Drew Brees New Orleans 2001-16 38 10 432 career TD passes

Since Wilson entered the NFL in 2012, his 19 game-winning drives have occurred in the fourth quarter (Tony Romo has 16 and Andrew Luck 14). With Wilson’s fade route to Baldwin Sunday, nine of the 19 ended with Wilson touchdown passes.

Three have come inside the final minute, including the most controversial, a 24-yarder to Golden Tate Sept. 24, 2012 with 0:00 showing on the Clink clock. That play quickly entered pro football lore as the “Fail Mary.” Wilson also tossed a 23-yard game winner with 47 seconds to play to TE Luke Willson to defeat Carolina Oct. 26, 2014.

Wilson’s longest game-winning TD, 46 yards, went to WR Sidney Rice Oct. 14, 2012, defeating the New England Patriots 24-23 at CenturyLink Field with 1:18 remaining. Wilson and Rice also beat the Chicago Bears at Soldier Field Dec. 2, 2012 by collaborating on a 13-yard TD with 7:33 left in OT.

Surely the most dramatic of Wilson’s game-winning drives was the one that ended with his 35-yard perfecto to WR Jermaine Kearse with 11:41 left in overtime Jan. 18, 2015 that beat Green Bay 28-22 and claim a spot in Super Bowl XLIX.

Even after 75 games, some NFL watchers – columnist Pete Prisco of CBSSports.com is a prime example – still consider Wilson a glorified game manager. But glorified game managers do not conduct 19 winning drives in the first 75 games of a career.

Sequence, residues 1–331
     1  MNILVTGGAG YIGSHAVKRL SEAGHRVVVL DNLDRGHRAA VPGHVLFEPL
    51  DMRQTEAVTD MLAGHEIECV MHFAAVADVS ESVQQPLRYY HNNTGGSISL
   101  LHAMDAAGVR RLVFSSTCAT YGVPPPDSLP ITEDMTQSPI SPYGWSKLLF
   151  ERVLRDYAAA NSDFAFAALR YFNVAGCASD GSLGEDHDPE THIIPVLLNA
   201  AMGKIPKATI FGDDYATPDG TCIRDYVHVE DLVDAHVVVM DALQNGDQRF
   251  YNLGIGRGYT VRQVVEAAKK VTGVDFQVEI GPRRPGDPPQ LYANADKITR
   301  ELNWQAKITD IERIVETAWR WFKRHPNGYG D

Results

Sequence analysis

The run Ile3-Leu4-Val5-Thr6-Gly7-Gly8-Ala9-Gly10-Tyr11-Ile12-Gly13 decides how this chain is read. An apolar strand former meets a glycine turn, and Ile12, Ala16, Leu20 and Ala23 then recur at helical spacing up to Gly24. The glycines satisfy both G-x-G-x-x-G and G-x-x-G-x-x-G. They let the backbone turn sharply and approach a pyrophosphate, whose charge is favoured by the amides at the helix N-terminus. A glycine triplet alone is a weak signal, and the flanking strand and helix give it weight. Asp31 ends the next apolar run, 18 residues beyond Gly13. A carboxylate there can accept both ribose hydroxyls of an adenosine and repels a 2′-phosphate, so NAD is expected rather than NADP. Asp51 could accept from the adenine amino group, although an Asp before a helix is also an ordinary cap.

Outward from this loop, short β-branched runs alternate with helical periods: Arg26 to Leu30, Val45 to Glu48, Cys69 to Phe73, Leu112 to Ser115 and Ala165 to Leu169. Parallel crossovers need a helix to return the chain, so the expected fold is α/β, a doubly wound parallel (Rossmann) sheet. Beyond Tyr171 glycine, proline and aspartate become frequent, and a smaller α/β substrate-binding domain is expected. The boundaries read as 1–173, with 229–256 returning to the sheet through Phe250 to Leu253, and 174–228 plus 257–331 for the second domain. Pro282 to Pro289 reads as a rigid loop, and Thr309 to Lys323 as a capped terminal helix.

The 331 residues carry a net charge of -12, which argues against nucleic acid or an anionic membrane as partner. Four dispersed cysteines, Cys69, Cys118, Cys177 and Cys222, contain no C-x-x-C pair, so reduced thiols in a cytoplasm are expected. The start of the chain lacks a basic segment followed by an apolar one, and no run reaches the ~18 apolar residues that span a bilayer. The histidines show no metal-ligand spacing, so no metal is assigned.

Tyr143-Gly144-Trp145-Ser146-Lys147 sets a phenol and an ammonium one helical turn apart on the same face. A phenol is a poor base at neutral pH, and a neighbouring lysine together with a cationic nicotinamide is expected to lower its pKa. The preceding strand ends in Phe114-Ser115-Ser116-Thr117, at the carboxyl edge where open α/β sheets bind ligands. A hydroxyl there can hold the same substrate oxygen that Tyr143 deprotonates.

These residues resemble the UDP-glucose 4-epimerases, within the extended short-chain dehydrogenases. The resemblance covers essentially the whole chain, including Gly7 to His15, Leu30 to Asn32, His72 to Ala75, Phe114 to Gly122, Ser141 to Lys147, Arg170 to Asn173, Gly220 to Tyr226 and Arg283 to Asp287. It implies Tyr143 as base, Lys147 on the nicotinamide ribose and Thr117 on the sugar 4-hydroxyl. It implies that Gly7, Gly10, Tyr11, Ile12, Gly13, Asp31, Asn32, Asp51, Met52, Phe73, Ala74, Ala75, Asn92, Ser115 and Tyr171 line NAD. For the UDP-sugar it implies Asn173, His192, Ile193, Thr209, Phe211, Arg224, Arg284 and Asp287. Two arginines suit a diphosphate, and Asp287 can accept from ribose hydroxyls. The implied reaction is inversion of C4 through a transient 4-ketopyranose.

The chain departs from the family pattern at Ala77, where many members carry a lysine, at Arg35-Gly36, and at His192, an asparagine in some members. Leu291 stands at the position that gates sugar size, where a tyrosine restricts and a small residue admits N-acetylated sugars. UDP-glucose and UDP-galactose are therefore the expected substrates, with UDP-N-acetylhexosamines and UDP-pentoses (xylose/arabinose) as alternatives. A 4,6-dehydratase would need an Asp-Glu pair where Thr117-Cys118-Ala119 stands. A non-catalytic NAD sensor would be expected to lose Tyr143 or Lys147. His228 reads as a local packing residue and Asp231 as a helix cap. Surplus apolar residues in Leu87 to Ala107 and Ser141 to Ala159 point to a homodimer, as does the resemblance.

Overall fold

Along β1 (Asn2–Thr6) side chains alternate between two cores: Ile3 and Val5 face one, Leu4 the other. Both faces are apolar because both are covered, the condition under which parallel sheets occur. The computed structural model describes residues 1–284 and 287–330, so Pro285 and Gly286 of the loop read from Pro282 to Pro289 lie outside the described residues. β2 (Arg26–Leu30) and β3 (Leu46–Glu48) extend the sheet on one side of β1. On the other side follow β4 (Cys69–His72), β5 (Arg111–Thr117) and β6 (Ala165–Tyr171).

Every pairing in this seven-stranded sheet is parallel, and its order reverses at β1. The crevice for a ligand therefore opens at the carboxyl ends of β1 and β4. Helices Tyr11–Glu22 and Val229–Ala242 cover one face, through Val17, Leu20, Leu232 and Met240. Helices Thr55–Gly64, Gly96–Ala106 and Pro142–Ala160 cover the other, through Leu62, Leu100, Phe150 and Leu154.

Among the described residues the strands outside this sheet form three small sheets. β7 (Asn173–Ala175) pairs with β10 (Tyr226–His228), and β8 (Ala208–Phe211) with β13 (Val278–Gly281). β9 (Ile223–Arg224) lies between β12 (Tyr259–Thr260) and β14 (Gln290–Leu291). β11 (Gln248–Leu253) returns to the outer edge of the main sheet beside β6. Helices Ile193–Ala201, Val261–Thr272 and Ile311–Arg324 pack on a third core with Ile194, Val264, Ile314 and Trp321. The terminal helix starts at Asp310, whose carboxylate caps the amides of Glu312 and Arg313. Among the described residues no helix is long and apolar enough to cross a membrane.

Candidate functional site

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YourThoughts

  • Warchild_70

    This “Glorified Game Manager” I watched him play with enough tape to reach Seattle from my home in Silverdale that immobilized his feet, gutted out a game winning touchdown. That’s focus and poise not management. Also that safety was at the half second to play why didn’t the zebras give us the score and credit?? GO HAWKS!!

    • Pixdawg13

      It wasn’t a safety. The QB was hit 1-2 yards outside the end zone and the *tackler*’s momentum carried them into the end zone. Had the clock not run out, the ball would have been placed at about the 1 1/2 yard line. The clock was irrelevant to whether it was a safety or not.

      • Warchild_70

        Can’t hurt to whine a bit, eh? Still a great finish for the first of the season, GO HAWKS!!

    • art thiel

      The sack of Tannehill began beyond the end zone. He gets credit for forward progress. No safety.

  • 1coolguy

    Though I am impressed by RW’s stat, one must also admit most of these QB’s jumped on the competition early and didn’t need to come back to win.
    A closer look at their record is needed Steve.